The barren landscape of the Indus which is in direct contrast to the Shiggar valley.

With this overriding feeling of, whats next, next morning, early, four wheelers are taken north over the Indus and then through the beautiful Shigger valley, an oasis of fertile terraces, wheat fields and apricot orchards, an agrarian paradise towered over by snow capped mountains which seem to rise to unimaginable heights, not what was expected, its easy on the eye and feels comfortable, however it does not last long, after a few hours the road deteriorates to a rough track in a much more arid landscape of rocks and scrub, dodgy bridges are crossed above a maelstrom of churning grey water, the jeeps then stop and you walk the rest of the way to the small traditional third world mountain village of Askole for your first night under canvas.

Shanks pony from here on in, what counted as “civilization” is being left further and further behind, the next couple of days take you up the steadily rising eastward facing valley following the Braldu river, its easy walking on fairly well worn paths, wet feet if the river is high are the most worrying aspect of this part, however temperatures can be brutal and there is no shade if the sun is out, the distant peaks however are pulling you forward with promises of splendor to come.


The unclimbed fang of Bakhur Das.

Camping overnight at the green oasis of Paiju which sits under the impressive and unclimbed peak of Bakhur Das you then enter the next phase, walking up the immense Baltoro glacier, in fact from here on in you are walking on one or another of the huge glaciers in this region.

Glaciers are of course constantly mobile, grinding their way downwards under the immense pressure of accumulating ice which courses down from the multitude of peaks surrounding them, paths are therefore constantly changing, riven by crevasses, obliterated by rockfalls and landslides. This again sets this journey aside from others, its not on well constructed paths, its not made too easy, it is tiring work as constant focus on your foot placements is required but the next three or four days take you through a breathtaking mountain landscape.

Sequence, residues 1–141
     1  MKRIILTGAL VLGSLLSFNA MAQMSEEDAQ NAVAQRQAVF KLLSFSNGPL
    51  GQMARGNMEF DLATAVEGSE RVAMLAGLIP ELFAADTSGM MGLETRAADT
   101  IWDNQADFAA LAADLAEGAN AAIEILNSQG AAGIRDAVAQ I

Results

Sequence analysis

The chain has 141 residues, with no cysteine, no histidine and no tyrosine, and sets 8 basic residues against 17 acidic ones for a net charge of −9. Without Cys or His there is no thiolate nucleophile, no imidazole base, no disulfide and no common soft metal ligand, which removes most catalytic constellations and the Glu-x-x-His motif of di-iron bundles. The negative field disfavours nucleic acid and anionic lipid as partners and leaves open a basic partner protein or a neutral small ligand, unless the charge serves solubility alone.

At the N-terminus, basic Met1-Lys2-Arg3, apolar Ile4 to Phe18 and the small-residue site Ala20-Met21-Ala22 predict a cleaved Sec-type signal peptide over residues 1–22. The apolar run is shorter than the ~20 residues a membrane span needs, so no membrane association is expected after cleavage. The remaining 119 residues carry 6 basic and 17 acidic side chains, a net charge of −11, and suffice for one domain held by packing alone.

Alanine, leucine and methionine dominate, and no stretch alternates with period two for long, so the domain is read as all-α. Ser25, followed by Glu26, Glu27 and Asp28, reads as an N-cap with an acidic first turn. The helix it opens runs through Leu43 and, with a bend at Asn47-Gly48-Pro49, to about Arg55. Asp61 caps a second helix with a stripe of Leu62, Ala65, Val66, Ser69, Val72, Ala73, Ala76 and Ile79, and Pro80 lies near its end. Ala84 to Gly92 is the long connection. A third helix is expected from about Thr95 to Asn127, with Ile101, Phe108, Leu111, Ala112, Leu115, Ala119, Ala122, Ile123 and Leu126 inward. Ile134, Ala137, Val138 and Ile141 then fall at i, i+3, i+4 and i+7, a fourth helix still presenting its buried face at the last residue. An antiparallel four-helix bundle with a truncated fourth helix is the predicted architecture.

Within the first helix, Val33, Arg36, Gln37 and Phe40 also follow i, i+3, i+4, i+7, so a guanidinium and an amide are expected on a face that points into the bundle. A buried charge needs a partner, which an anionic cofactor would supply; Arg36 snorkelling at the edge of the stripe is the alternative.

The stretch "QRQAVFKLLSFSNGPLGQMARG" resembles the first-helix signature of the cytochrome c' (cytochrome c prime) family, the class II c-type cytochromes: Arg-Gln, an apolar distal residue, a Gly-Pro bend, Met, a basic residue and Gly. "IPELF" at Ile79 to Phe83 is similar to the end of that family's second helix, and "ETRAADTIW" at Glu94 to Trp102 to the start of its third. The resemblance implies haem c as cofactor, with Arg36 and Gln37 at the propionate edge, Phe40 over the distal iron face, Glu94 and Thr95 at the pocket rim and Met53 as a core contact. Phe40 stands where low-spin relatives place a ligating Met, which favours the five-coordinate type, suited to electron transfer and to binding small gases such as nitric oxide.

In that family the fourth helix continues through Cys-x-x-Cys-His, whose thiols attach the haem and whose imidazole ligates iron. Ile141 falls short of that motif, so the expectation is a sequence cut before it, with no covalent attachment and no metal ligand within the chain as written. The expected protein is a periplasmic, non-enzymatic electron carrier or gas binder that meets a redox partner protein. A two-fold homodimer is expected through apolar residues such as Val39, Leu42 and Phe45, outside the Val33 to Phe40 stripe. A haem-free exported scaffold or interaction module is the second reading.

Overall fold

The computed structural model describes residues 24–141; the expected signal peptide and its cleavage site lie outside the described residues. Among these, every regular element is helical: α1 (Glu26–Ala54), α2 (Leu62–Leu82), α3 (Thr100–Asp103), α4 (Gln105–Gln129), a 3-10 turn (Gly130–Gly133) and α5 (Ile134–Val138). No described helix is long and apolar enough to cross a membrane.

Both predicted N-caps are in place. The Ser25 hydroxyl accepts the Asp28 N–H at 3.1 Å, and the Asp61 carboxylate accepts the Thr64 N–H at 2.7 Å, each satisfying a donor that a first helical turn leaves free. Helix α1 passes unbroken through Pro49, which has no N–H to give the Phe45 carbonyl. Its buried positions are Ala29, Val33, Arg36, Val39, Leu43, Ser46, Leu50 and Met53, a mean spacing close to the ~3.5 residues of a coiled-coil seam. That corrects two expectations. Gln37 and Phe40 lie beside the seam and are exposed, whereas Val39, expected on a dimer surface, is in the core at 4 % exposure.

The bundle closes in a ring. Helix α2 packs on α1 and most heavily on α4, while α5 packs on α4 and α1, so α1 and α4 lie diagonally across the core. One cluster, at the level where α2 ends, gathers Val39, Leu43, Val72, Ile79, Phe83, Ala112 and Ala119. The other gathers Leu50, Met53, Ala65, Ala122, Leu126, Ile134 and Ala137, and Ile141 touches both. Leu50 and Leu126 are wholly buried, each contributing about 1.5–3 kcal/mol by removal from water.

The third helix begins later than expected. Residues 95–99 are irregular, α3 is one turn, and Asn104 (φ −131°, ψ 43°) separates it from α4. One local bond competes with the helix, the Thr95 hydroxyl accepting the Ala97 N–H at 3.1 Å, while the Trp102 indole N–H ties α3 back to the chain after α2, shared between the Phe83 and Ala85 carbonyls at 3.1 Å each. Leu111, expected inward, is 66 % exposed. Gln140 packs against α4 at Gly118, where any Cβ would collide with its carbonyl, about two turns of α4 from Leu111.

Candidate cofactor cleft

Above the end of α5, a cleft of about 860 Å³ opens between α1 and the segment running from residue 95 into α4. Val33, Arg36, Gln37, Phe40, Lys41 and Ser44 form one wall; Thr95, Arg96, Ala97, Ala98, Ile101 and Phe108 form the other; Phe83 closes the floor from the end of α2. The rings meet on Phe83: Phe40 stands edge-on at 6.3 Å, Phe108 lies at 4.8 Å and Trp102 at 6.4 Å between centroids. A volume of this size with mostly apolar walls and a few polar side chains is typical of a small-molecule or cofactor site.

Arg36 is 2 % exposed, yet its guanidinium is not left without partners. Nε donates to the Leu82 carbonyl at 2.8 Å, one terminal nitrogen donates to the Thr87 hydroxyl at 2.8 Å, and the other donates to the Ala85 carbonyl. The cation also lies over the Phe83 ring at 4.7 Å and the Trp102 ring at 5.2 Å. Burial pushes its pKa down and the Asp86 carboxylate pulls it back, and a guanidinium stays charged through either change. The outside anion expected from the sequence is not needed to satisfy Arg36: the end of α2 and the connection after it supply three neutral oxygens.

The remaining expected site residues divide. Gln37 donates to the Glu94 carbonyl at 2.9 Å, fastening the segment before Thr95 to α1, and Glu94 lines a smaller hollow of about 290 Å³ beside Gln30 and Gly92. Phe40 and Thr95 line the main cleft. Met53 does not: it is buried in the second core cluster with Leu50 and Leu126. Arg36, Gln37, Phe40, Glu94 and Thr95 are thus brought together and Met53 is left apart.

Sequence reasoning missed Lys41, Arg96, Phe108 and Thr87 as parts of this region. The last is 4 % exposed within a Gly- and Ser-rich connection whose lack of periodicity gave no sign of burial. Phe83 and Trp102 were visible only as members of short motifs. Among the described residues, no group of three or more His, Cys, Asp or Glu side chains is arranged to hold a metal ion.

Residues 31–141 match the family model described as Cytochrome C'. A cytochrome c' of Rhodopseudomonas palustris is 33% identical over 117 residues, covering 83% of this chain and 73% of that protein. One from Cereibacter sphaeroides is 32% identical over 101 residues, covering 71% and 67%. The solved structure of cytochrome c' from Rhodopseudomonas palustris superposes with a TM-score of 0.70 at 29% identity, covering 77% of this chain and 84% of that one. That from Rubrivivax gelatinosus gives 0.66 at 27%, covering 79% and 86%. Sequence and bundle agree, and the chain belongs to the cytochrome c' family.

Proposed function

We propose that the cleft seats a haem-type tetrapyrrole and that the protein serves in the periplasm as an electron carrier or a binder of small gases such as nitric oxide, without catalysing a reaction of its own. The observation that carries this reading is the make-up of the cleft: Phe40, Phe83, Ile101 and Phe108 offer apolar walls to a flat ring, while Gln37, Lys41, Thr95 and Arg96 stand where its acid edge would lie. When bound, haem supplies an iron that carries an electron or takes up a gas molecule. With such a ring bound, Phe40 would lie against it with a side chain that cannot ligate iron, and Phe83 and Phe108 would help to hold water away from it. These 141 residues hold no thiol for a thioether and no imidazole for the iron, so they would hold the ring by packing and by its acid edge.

The Trango towers and the Cathedral spires dominate the walk for a couple of days, these are peaks that are beyond the aspirations and ability of most, they are not mountains that can be summited 10 or 12 times by the same individual, some of them remain unclimbed and others only by one ( the easiest ) route.


The fingers of rock point heavenwards, their sheer rock faces drop from small snow capped plateaus for thousands of feet into a myriad of ice covered ledges which in turn plummet into a tangled mess of bergschrunds and crevasse tortured glaciers.

To summit these you cannot clip into a fixed rope and jumar your way to the top, neither can you pay a more experienced individual to pull you up, these peaks are for the most able and experienced mountaineers and climbers who have the ability. The naïve may dream and aspire, the actual summiteers are at the top of their game and have dedicated significant portions of their lives to have the time, fitness and the ability to succeed, even then a significant amount of luck is required, good weather, remaining healthy and your partners drive and support are all absolute prerequisites for the days spent on these rock faces to result in success.

This, again, is another aspect of this journey that sets it apart from many of the others I have undertaken, in the Khumbu, for example, the vast majority of the peaks have been climbed by a multitude of routes, there are generally multiple commercial teams on most of them at any given time in the climbing/trekking season. The circus that is Everest, Amadablam and Island peaks are testament to this.


The Trango Towers

On the K2 /GGL journey you are trekking up one of the mightiest glaciers there is on terrain that requires your constant attention whilst your eyes are being pulled away all the time to dwell on rock architecture that is just out of your frame of reference, even as an experienced mountaineer.

The biggest difficulty I have is either falling on my face through not watching where I am going or not stopping continually to take photographs of this breathtaking landscape as the light changes bringing different aspects of the landscape into relief.